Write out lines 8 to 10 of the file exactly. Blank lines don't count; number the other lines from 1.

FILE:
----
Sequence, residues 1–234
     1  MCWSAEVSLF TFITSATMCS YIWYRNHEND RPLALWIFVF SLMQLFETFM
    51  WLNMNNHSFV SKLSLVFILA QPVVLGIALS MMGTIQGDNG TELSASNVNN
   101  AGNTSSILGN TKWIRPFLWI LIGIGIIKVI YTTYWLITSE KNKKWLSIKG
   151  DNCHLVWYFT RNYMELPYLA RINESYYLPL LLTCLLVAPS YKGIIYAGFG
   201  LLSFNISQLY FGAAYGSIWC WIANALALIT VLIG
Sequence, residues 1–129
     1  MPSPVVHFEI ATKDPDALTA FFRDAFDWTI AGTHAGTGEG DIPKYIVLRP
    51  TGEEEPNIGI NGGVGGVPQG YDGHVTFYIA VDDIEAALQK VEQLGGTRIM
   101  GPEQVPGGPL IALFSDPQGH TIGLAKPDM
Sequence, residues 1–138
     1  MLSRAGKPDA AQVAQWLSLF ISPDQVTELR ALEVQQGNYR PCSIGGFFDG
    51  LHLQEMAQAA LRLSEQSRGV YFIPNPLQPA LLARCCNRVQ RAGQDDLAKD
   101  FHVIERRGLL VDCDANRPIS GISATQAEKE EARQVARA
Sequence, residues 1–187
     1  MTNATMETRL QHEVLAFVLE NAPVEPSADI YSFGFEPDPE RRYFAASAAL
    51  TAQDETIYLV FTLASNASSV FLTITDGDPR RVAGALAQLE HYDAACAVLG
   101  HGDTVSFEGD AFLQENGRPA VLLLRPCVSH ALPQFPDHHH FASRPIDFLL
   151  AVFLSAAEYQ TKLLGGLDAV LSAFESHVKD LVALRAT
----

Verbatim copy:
     1  MPSPVVHFEI ATKDPDALTA FFRDAFDWTI AGTHAGTGEG DIPKYIVLRP
    51  TGEEEPNIGI NGGVGGVPQG YDGHVTFYIA VDDIEAALQK VEQLGGTRIM
   101  GPEQVPGGPL IALFSDPQGH TIGLAKPDM